Pierre-Auguste Renoir, "The Umbrellas," c.1881-86; © The National Gallery, London.
Renoir's The Umbrellas at the National Gallery, London; Artnet, September 2019.
This is a very popular Renoir, and hundreds of reproductions are available, many with the types of altered coloring seen in the images below. The first example has changed the blues, given the faces a slightly flushed look, turned the clouds pink, and obscured some of the detail. The second one has also misrepresented the blue tones, and the faces and clouds have gone a bit green. There's also a lot of blotchiness in places where there should be detail. Luckily, a first-hand photo is easily available at the National Gallery's website, and provides an excellent digital copy of the original.
Altered version of a painting by Auguste Renoir.
Altered version of a painting by Auguste Renoir.
Piet Mondriaan (Mondrian), Arum Lilies, 1910; Kunstmuseum den Haag.
The artwork below is obviously a modern reproduction that has randomly changed all the colors in this famous Mondriaan, one of the artist's popular depictions of arum lilies (aäronskelken). A first-hand photo is easily available at the museum's website, yet the purple-tinted version is seen frequently — in fact, more often than the original. There doesn't really appear to be a reason for the revisions, so it's unclear why the changes were made. It would have been just as easy to duplicate the authentic coloring.
Altered version of a painting by Piet Mondriaan.
Henri Matisse, Black Philodendron and Lemons, 1943; © Succession H. Matisse / BONO, Oslo; photo © Øystein Thorvaldsen / Henie Onstad Kunstsenter (HOK), Norway.
The original of Matisse's Philodendron Noir et Citrons isn't seen often, so the reproduction below is the most well-known version. Unfortunately, a quick comparison shows that the coloring has been changed, and there's a newly imposed yellowish glare, more intense than in the genuine painting. The image above comes from a 2015 exhibition at the HOK in Norway, where the public had a rare opportunity to view the work in person. The show was titled "In Search of Matisse," and, among other things, examined the history of looted art and artifacts, spotlighting another Matisse painting that had recently been the subject of a highly publicized controversy. Based on the museum's press information about the exhibit, it doesn't appear that Citrons was one of the seized paintings. Most likely the piece simply provided additional perspective on Matisse and his work.
Altered version of a painting by Henri Matisse.
Jean-Marc Nattier, "Anne-Henriette of France, Known as Madame Henriette, Playing the Bass Viol, 1754; Chateau de Versailles.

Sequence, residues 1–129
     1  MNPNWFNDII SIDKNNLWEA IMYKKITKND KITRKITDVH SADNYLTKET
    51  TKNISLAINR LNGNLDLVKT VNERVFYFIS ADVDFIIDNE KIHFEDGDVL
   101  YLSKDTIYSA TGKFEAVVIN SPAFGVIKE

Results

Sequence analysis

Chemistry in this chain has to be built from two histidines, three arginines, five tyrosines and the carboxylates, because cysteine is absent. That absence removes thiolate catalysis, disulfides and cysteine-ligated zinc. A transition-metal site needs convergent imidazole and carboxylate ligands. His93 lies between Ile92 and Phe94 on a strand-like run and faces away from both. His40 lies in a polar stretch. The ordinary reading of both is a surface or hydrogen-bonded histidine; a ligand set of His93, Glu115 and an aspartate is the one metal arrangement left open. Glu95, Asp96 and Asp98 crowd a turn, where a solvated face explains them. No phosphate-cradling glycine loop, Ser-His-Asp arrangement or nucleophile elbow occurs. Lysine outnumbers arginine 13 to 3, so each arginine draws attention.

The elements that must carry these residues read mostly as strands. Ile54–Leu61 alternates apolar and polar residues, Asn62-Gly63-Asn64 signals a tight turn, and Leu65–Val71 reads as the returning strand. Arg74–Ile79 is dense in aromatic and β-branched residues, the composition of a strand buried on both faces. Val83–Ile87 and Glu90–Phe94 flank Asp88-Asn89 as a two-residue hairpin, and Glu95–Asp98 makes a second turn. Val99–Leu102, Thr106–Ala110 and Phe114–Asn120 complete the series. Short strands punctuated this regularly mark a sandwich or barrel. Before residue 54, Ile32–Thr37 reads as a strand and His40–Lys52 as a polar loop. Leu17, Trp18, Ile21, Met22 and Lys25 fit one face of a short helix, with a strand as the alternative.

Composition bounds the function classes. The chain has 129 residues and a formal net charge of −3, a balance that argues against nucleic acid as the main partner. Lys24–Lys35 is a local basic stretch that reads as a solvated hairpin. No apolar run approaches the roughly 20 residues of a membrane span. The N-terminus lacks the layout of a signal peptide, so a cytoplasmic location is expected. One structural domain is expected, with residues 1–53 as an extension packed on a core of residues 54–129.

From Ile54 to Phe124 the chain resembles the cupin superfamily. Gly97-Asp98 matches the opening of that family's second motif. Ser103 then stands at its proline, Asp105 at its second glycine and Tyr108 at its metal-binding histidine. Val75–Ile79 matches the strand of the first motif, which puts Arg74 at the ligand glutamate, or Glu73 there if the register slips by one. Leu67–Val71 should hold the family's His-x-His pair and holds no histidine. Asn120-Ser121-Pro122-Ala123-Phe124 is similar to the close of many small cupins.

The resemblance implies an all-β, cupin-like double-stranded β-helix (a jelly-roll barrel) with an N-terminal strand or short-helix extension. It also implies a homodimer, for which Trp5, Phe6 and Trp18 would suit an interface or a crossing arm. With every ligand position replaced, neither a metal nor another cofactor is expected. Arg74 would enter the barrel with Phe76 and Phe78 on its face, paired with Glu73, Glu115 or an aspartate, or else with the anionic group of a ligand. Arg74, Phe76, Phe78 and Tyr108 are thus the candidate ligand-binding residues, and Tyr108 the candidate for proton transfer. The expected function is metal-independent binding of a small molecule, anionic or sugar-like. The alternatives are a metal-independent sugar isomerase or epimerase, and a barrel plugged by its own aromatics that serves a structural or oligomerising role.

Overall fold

Traditional paintings from previous centuries are difficult to duplicate, due to the extensive and painstaking detail involved. Realism was very important to these artists, so their originals usually look very natural in terms of flesh tones, scenery, sky, clouds, interior woodwork, clothing, and so forth. If a person's skin doesn't seem life-like, or if other colors appear heightened or flattened out (all one color), the image is probably either a poor modern copy or a highly processed digital photo, as shown in the commonly shared image below. Note that the revised version also is missing some of the painting at the top and right side. The photo above is from the website of the Palace of Versailles, where Nattier's Madame Henriette is located.
Altered detail of a painting by Jean-Marc Nattier.
Gino Severini, "Dancer = Propeller = Sea," 1915; © Artists Rights Society (ARS), New York; The Metropolitan Museum of Art, New York.
The Met points out that this Severini painting, completed just after the artist produced his manifesto, Plastic Analogies of Dynamism, is in the rare form of a diamond, "the only example [of this shape] in Severini's oeuvre." The photo of the painting on display is from a video created by a museum visitor in 2017. Oddly, many copies have been circulating with the image mistakenly rotated to make a standard rectangle, as seen below. The museum adds some background information:
Like other artists associated with Italian Futurism, Severini was fascinated by the interactions of movement and matter and the dynamic speeds of the modern world. In his manifesto [...] he describes the sensory and visual "analogies" that resonate across seemingly unrelated objects, from a dancing girl to a rushing express train to abstract forms.
Wrongly presented version of a diamond-shaped painting by Gino Severini.